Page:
The big losers in Super Bowl XLVIII in no particular order: The Denver Broncos, Peyton Manning, the National Football League, the companies that invested millions in second-half commercials.
The big winners: The Seattle Seahawks, Russell Wilson, the Seahawks fan base, New York City-New Jersey region.
The Seahawks stunned the world and crushed the Broncos, as well as delivering a devastating mental blow to the city of Denver and the state of Colorado, with a 43-8 butt-kicking tonight at Met Life Stadium in New Jersey.
Imagine how this region would feel if the Steelers went to a Super Bowl and did that.
It wasn’t the Broncos' night from the first snap from center, which sailed over Manning’s head and into the end zone, which resulted in a safety. It wasn’t just all downhill after that; it was a careening out-of-control spiral that produced one of the worst Super Bowls on record.
It has been written many times that Manning wasn’t playing for his legacy. He wasn’t. His legacy is secure as one of the greatest quarterbacks in NFL history. Five MVP awards and one Super Bowl win assure that. But he surely did not help himself with this performance, which included two first-half interceptions, both of which resulted in Seattle touchdowns.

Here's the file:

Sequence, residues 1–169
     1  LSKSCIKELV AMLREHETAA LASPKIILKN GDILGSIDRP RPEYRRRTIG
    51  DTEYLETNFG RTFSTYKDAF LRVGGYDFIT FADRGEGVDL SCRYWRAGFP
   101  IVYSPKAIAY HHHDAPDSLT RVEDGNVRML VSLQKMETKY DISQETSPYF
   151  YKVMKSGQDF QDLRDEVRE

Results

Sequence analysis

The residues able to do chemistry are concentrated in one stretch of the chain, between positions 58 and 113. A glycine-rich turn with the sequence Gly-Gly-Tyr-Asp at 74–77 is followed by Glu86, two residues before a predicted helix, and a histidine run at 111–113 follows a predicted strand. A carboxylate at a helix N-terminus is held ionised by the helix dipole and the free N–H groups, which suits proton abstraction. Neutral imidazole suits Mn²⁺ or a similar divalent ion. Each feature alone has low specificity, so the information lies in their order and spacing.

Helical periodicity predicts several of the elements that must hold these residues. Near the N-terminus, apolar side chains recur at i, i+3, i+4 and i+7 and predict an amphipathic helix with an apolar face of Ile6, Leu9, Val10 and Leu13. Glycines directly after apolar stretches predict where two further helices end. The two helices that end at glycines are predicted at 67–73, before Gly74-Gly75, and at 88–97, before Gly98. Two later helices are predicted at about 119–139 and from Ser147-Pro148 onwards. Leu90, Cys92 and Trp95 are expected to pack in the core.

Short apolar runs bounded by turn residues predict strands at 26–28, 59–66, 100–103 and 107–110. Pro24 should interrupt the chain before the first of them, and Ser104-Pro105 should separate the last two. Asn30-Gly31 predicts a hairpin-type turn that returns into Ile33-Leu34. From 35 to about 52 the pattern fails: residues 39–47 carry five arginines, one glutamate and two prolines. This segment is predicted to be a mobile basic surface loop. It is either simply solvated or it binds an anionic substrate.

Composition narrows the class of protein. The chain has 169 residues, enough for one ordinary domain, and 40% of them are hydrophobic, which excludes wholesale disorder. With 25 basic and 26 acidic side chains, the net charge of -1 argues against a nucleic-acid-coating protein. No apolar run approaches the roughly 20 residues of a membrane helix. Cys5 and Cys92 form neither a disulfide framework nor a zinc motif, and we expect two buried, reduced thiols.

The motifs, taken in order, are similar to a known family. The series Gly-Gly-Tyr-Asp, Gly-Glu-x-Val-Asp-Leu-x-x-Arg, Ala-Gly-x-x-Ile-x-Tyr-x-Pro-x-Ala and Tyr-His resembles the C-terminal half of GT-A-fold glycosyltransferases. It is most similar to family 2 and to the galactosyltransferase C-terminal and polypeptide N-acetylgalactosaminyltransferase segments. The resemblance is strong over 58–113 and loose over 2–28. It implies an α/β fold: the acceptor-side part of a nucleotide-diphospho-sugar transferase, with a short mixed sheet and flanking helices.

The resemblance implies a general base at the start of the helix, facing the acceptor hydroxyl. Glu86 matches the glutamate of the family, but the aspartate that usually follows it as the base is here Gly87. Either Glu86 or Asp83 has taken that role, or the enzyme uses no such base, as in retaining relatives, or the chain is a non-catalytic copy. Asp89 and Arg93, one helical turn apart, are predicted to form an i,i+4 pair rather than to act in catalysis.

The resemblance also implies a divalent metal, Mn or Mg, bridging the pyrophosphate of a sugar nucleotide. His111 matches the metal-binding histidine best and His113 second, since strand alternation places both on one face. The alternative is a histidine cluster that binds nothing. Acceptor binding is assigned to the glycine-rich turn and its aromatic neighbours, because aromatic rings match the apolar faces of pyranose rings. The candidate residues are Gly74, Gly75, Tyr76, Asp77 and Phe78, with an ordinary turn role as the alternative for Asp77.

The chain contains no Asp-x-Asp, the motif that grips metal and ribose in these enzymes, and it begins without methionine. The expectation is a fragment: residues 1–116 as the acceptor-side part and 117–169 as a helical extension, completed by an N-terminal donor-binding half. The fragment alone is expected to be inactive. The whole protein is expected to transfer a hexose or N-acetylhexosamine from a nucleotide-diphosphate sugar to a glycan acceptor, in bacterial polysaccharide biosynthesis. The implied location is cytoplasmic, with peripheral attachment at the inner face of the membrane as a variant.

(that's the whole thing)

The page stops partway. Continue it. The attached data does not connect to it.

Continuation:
The NFL can afford a stinkeroo even more than Manning. But it, too, will have a hard time living this one down, although the hype will be every bit as large by the time the next Super Bowl rolls around.
The Nielsen people will tell us how many people turned off their TVs at halftime and how many more turned them off when Seattle returned the second-half kickoff for a touchdown. But the lopsided nature of the game probably had a crushing effect on the ratings.
The Seahawks made a mockery of all the rules the NFL has supposedly created to enhance the offense. This was a great triumph for the power of defense. That Seattle was able to do this against a quarterback of Manning’s elite level and against a team that scored 606 points during the regular season is all the more remarkable. When that great Chicago Bears defense of 1985 crushed New England in the Super Bowl, the opposing quarterback was Tony Eason.
Wilson proved that a comparatively diminutive quarterback can still win in the NFL. This was a victory for the little guy and should revamp some of the thinking of NFL personnel experts who favor quarterbacks who are 6-foot-4 four or taller. No question, Seattle’s calling card is its defense. But all Russell Wilson did was outplay Peyton Manning.
Maybe now the Seattle fans will forget about the Seahawks loss the Steelers in the Super Bowl after the 2005 season. Probably not, though.
There were predictions of weather doom since the outdoor New York-New Jersey site was announced. Mother Nature came up as big as the Seahawks with near-perfect football weather. By all accounts, the Big Apple was on its best behavior and a great time was had by all.
Until they started the game.